A team of researchers from King’s College London get set to cycle the length of Sri Lanka next week to raise funds for the international fight against heart disease.
From Sunday 11 June to Monday 19 June the team of five will cycle 750km, travelling from south to north Sri Lanka. They will start at Dondra and finish at Point Pedro, travelling via Sri Lanka’s East Coast. Some of the world’s top cardiologists and heart researchers will be in the region for the Academic Sessions of the Sri Lanka Heart Association and will gather at the start to send the team off.
The team consists of friends and colleagues, many of whom have not been on a bike for 20 years or more. BHF funded researchers, Sri Lankan-born Dr Divaka Perera, and Professor Mike Marber, will cycle alongside GP Rob Daniels, Consultant Cardiologist Peter O’Kane and Sri Lankan-born Shamindra Perera.
The group have already raised more than £10,000 for our life saving research and to help fund the construction of a children’s cardiac and critical care complex at Lady Ridgeway Hospital, Colombo – a Government-approved project, deemed a national priority.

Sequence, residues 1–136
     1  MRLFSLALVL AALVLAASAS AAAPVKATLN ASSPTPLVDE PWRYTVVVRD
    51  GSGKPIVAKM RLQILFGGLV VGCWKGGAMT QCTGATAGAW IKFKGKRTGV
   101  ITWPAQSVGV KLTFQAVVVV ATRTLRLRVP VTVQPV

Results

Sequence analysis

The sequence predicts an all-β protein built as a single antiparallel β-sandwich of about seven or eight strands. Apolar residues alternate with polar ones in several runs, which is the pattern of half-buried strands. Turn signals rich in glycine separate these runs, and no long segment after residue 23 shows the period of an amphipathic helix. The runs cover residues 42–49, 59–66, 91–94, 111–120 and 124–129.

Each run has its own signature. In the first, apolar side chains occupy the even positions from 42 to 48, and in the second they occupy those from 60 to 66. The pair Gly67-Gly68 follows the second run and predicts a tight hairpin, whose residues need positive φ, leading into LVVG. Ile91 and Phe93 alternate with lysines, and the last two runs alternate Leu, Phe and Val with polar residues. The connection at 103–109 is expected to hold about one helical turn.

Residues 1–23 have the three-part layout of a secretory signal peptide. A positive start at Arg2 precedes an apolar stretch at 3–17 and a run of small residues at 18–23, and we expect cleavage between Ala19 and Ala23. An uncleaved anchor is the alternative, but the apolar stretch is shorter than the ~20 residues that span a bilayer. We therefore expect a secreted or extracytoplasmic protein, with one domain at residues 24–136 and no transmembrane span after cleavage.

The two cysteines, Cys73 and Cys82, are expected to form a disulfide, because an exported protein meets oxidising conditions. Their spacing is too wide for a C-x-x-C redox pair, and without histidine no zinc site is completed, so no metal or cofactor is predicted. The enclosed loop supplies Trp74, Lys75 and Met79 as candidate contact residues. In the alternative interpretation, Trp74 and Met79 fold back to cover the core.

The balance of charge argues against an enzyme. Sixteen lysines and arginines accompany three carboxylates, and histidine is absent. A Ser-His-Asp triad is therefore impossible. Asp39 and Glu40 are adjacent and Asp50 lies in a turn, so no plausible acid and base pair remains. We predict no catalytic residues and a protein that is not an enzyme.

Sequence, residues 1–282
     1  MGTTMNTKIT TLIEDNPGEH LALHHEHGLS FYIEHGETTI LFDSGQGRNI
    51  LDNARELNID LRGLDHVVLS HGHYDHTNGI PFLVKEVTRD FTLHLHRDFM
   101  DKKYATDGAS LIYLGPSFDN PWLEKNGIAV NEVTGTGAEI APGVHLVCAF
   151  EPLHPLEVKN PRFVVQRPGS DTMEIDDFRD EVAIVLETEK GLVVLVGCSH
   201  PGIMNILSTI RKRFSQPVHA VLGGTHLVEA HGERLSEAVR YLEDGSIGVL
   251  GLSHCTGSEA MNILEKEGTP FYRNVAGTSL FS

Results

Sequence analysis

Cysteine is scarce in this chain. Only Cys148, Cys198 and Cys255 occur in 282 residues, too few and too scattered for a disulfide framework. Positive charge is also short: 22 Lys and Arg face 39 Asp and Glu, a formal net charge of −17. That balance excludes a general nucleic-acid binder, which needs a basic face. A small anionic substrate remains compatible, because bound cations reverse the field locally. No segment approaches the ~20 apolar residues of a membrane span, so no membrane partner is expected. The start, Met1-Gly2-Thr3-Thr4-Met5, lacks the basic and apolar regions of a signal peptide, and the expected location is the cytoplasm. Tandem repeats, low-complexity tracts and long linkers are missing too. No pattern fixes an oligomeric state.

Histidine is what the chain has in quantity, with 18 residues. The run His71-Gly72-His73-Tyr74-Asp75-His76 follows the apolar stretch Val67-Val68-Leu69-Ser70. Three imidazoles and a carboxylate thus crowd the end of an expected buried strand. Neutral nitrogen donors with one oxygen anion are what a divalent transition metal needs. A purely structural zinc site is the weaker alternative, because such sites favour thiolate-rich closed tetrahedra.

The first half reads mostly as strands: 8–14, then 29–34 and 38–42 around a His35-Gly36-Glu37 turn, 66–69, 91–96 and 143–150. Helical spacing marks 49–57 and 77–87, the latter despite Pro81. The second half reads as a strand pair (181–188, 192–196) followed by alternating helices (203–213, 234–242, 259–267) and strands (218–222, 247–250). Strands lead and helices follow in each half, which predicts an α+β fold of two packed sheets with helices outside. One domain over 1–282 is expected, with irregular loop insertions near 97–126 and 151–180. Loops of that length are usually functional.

What our researchers say about the challenge:
Dr Divaka Perera said: “The NHS is an internationally renowned institution that doesn’t discriminate when it comes to healthcare. Being from Sri Lanka, I also have first-hand experience of the healthcare inequalities around the world and this is an amazing opportunity for us to contribute towards improving the outcomes of critically ill children in Sri Lanka.”
Professor Mike Marber added, “It’s an honour to be able to help the BHF continue its world-leading research effort, which forms the basis of healthcare advances in the UK and throughout the world.
“This challenge is out of our usual comfort zone, but we feel it is entirely worthwhile putting the effort into training and completing the ride. Cycling in 35 degrees heat could make it even harder. It’s a once in a lifetime opportunity that we’re all very much looking forward to embracing.”
Why are they fundraising?
Heart and circulatory disease kills an estimated 17.5 million people worldwide – 31% of all global deaths. Research discoveries are vital in preventing, diagnosing and treating these devastating conditions, yet in Sri Lanka children with heart disease and critical illnesses are still in need of basic access to adequate treatment.